The vestibular system gets its raw information from the vestibular organs, which consist of three semicircular canals and the otolith organ. The three semicircular canals are oriented along the x, y, and z axes, and define motion on each of the three dimensions of space. When the head moves, hair cells (scilia) detect the motion of the fluids inside each canal. The brain uses this information to calculate changes in inertia, in much the same way that the inertial navigation system on an airliner senses changes in position and velocity. The otolith organ uses a pendulum-like appendage, the utricle, to orient the sense to the vertical force of gravity.
Because the vestibular system combines the inertial information from the three semi-circular canals with the gravitational orientation provided by the otolith organ, it is the basis of our inertial gravitational model of the world?that is, our model of the world as a three-dimensional space with a clear sense of up and down. As a child continues to develop in the womb, the other major brain systems (motor, tactile, auditory and visual) also develop, but they develop in relation to the vestibular system, or sense of balance.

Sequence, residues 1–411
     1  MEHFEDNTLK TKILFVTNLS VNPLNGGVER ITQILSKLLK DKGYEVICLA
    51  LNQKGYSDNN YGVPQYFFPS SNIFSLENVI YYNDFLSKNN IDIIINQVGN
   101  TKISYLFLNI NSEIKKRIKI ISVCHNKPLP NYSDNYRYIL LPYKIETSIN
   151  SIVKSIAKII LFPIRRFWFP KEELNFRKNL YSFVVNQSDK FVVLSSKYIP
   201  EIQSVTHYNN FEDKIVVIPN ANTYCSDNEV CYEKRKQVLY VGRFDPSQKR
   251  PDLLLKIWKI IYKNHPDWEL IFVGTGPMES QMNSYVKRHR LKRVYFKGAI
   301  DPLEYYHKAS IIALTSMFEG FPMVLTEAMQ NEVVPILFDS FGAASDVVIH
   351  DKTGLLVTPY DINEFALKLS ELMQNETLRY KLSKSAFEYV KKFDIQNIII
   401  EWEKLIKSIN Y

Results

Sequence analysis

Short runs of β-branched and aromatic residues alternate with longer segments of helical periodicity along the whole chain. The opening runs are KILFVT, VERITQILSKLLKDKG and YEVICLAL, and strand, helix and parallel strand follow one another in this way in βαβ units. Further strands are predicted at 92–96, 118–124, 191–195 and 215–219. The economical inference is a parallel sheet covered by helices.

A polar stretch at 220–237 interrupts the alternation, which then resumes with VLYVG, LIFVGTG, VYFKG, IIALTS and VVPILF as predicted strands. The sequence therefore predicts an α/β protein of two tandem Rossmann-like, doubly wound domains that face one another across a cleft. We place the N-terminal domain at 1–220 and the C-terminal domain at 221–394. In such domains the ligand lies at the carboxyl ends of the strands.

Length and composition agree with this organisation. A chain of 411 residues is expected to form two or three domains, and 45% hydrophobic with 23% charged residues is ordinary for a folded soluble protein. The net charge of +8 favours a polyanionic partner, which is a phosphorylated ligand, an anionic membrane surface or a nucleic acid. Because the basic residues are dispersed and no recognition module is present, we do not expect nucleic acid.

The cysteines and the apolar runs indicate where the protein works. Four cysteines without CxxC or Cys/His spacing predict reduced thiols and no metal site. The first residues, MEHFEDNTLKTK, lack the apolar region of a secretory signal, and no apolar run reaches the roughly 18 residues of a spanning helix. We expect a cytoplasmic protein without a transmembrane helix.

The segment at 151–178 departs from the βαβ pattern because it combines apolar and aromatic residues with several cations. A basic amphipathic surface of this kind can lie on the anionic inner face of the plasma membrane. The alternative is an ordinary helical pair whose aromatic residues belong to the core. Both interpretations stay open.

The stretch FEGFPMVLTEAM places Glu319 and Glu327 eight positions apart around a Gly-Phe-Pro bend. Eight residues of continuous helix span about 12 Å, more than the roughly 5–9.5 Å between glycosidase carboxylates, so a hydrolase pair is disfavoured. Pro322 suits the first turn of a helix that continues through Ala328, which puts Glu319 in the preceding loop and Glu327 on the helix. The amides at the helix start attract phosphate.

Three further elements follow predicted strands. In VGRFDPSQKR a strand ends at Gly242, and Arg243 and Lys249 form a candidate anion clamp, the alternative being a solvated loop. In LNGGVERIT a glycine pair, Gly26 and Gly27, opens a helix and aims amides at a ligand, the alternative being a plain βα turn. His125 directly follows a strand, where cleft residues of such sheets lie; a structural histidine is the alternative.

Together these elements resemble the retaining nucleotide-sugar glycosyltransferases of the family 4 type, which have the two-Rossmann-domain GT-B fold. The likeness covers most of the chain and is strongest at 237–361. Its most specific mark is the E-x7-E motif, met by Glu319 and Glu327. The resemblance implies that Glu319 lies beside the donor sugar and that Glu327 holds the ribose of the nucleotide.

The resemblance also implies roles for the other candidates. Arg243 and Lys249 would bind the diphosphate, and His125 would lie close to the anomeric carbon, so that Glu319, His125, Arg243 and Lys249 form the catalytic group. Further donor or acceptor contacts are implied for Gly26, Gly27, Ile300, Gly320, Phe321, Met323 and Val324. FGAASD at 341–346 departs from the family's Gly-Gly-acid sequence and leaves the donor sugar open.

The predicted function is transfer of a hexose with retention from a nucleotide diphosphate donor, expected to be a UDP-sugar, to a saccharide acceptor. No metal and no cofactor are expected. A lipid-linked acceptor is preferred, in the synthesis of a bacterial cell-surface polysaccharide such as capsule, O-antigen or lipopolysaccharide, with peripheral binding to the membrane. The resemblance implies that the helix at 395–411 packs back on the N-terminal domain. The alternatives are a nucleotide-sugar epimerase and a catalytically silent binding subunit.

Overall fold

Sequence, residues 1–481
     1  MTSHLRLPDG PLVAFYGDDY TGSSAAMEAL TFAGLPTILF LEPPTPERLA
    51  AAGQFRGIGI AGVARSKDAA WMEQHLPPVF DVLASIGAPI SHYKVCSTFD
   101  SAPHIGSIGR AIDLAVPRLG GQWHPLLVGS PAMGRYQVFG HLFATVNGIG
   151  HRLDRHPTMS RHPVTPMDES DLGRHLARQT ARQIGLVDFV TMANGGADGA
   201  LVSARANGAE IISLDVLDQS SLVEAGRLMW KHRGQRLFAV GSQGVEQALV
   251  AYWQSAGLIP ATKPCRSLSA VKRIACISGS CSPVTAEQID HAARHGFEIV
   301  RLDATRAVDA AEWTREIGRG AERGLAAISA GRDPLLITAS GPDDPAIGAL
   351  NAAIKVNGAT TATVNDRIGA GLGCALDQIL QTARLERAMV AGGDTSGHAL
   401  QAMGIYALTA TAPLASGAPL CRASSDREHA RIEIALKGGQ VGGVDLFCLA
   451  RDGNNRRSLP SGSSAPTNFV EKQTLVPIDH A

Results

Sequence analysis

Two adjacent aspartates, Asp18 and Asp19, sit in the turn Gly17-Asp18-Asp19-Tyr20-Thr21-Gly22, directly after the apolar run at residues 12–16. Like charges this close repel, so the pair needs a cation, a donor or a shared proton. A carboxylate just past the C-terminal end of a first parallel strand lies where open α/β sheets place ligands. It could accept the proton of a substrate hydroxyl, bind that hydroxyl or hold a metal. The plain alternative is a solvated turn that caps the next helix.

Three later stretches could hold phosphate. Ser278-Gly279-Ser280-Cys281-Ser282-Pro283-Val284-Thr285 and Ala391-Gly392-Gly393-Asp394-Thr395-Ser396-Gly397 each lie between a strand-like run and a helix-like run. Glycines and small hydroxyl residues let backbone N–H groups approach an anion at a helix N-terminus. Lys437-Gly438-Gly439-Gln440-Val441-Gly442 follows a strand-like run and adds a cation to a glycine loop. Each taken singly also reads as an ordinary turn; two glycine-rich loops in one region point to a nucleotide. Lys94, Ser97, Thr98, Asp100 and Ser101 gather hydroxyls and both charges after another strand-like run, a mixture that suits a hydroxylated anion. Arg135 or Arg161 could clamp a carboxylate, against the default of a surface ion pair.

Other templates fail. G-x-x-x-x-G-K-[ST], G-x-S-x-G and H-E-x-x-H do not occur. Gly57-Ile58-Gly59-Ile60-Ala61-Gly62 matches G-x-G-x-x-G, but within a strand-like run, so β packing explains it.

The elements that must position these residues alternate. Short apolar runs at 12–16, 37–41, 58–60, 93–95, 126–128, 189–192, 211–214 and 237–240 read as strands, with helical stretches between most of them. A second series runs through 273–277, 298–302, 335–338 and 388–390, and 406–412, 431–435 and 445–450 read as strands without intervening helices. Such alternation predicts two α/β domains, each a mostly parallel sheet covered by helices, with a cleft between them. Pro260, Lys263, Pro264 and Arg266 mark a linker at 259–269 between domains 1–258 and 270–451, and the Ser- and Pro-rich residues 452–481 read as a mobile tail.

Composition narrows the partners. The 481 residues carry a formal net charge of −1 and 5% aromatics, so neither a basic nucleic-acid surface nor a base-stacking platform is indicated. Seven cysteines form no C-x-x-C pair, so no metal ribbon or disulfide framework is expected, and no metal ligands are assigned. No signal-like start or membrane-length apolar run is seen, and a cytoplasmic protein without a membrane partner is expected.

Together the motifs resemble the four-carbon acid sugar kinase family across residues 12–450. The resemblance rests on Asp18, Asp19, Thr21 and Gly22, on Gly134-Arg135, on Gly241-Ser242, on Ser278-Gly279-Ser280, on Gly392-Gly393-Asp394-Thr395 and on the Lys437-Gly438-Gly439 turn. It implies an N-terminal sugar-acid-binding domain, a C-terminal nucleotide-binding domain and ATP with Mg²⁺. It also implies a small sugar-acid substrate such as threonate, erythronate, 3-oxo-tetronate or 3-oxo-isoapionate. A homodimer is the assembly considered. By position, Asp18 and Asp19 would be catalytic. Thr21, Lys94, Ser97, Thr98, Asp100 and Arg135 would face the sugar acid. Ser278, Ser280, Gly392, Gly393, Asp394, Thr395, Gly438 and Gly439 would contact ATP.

Since the vestibular system plays such a key role in the foundation of perceptual abilities, balance problems can cause many, seemingly unrelated, problems in brain function.